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6 Ways To Extend The Lifespan Of Your Robot System



Robots are bolstering production through performing a wide variety of tasks across the manufacturing industry spectrum. Whether you’re in the Food & Beverage industry, the Automotive industry, or the Consumer Goods industry, etc.; we all are in the reliability industry. Manufacturers need to be able to depend on their robotic assets to operate at their highest level throughout their usable life to receive the most positive impact from the investment. Additionally, minimizing unknown errors and unexpected production stoppage is important to keeping the flow of goods going out the doors.


So how can one best be assured of a robot's longevity? There are many factors at play at the application-specific level. Each application will be customized through the best fit robot type, manufacturer, model, behavior, operating environment, run-times, etc. so one set in stone list that covers each robot in the field is not practical. However, the steps below will provide a primer on how to be prepared to maintain your new or existing robot system and show the techniques necessary to keep your robot system running better for longer.

1. Define Your Tool & Load Spec

By the time the project reaches the detailed design stage it is important to assure that the systems integrator has the complete product handling information locked in. This will allow them to simulate the performance of the robot and create the end-of-arm-tool so that it accurately fits that design criteria. Missing the mark with incorrect data on the high side may result in a robot that has been over sized and less energy efficient for its performance. Missing on the low side could result in a robot incapable of running with all the desired material inputs.

2. Allow The Robot To Run At Its Required Rate

It is alright to run the robot at a slower pace if it can reliably stay ahead of its cycle requirements. Much like racing to reach a red light and then hitting the brakes to wait for traffic, running the robot at its peak speed only for it to stop quickly and wait will put unnecessary wear on its components. Instead bring down the global control to operate in a more consistent fashion. This can then be brought back up again should the inputs ever increase in frequency.

3. Preventative Maintenance – Robot

Specific maintenance procedures and frequencies will be robot and application specific. Below is an outline of what you’re likely to expect. It is important to consult the unit’s manual before doing any maintenance work. Timelines for each procedure are often divided into calendar time and runtime hours. It is important to review each and use the number the robot is closest to.

Key Component Inspection

Inspection procedures are best performed on a daily basis. They are not large time commitments and can keep any potential problems from developing.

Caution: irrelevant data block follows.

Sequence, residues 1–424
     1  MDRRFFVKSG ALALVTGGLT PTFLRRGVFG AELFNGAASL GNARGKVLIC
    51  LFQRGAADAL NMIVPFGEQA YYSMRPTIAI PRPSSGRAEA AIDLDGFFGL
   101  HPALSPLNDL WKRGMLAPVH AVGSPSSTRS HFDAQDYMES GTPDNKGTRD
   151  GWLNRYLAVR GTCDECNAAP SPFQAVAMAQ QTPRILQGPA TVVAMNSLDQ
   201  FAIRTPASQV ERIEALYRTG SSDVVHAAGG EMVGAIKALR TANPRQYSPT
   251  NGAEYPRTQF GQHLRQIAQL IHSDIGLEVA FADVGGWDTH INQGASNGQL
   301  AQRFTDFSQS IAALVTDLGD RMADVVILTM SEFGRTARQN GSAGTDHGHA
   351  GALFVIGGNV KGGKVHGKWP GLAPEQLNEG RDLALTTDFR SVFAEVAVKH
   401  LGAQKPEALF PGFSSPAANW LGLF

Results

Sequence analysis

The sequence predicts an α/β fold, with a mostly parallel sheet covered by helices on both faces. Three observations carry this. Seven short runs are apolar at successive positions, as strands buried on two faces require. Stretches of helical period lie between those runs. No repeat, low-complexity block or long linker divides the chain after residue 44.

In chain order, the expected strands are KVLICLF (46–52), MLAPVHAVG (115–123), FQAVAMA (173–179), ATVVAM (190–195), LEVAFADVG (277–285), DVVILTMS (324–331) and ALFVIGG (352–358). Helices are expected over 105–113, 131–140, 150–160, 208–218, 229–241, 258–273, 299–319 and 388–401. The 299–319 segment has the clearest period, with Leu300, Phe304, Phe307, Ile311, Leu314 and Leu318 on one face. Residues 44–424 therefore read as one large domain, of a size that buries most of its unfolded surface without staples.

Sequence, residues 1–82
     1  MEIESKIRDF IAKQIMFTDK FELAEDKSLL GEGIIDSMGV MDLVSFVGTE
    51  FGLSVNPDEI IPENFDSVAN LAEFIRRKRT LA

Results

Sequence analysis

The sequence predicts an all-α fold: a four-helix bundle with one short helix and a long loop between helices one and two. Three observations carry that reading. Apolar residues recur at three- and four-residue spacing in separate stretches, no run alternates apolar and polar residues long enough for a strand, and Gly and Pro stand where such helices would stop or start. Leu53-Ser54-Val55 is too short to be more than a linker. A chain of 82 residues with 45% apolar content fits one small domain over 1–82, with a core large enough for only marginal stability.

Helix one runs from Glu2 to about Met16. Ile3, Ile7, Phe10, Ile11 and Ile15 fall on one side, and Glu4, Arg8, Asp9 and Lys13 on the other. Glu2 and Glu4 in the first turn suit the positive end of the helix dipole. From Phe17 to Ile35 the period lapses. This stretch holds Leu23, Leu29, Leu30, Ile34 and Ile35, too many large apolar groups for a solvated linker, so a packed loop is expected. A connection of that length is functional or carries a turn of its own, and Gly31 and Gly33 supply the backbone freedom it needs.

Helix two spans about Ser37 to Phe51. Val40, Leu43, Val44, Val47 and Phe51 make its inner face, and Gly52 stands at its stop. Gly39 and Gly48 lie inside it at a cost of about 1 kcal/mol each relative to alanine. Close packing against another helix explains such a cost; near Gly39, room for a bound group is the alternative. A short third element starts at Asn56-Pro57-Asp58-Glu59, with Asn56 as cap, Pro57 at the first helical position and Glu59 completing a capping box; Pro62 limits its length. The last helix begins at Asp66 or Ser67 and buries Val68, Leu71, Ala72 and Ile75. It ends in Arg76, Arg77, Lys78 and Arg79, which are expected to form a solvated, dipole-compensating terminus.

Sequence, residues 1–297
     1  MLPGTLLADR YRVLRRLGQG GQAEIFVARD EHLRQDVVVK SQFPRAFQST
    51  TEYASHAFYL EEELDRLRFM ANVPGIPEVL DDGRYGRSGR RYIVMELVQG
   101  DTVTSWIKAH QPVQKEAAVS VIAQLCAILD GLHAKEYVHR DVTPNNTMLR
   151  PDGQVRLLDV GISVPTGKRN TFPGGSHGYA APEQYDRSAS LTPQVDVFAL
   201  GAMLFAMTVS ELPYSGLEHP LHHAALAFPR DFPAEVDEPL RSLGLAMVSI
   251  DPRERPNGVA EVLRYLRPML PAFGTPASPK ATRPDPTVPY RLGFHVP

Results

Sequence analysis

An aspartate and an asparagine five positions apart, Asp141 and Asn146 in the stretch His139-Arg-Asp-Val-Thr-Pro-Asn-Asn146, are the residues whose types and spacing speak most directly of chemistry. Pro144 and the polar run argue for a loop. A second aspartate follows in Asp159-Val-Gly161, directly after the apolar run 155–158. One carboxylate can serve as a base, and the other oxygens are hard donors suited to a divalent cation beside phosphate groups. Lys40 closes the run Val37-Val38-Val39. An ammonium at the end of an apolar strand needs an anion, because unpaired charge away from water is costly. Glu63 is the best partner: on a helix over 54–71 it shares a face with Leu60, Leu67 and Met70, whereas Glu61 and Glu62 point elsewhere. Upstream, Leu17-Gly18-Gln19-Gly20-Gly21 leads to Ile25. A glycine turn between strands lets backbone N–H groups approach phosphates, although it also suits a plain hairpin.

• Observe Robot Motion Path

  • Observe Robot Performance

  • Listen For Any Indicators Of Issues

  • Check Cable Integrity & Wind

  • Check Controller Fan For Obscruction

  • Cleaning Of Surfaces

Maintenance & Replacement

Suggested timelines for important robot maintenance vary highly by the robot manufacturer's design and the size of the robot. These procedures are usually not commonly required until at least the first year. Subsequent procedures may be required in a non-uniform spacing. So be sure to take note of the schedule provided in the manual for each activity.

  • Oil Levels & Oil Change

  • Battery Packs

  • Timing Belts

  • Confirm Torque On Mounting Hardware

4. Preventative Maintenance - System

The robot’s performance will always lean on the success of its surrounding equipment. By keeping the supporting cast ready for long term success, we can be sure that the robot will be reacting to the environment in the best way possible.

Key Component Inspection

System inspection can be done in parallel with the robot's inspection procedures as part of a daily check.

  • Observe System Performance

  • Cable Integrity & Wind

  • Listen For Any Indicators Of Issues

  • Environmental Factors

  • Clean Sensors, Cameras, & Equipment

  • Check KPIs. What Does Your Data Say?

Maintenance & Replacement

Again, this is highly unique to the individual pieces of equipment and their use, yet it is important to note the need for the behavior as soon as possible in order to work it into the system's normal operating procedures.

  • Perform Maintenance On Other Key Equipment

  • Assure Consumable / Wearable Components Are In Good Working Order

  • Confirm Spare Parts Stocked For Priority Items

5. Save The E-Stops For Emergencies

E-Stop circuits are designed to immediately cease any potentially hazardous activity as quickly as possible without creating any new hazards. This harsh stopping will provide unnecessary stress and will contribute to faster wear on robot components and.

6. Make A Plan

The plan to extend the lifespan of a robot can look very different from company to company. Some prefer to invest in maintenance management system while others prefer the paper checklists. Whichever you choose, it’s important to craft a plan that’s manageable and keeps staff accountable. By systematizing the procedures, the positive impact of a robot cell can continue to pay dividends for longer.

Need Assistance? IAS Can Help

Working with an experienced integrator to tailor your asset longevity planning can provide ease of mind that production will be running with reliable speed and quality. IAS engineers are also available to handle robot technical improvements such as path optimization and other system improvements that can boost the capabilities of your system. Contact IAS today.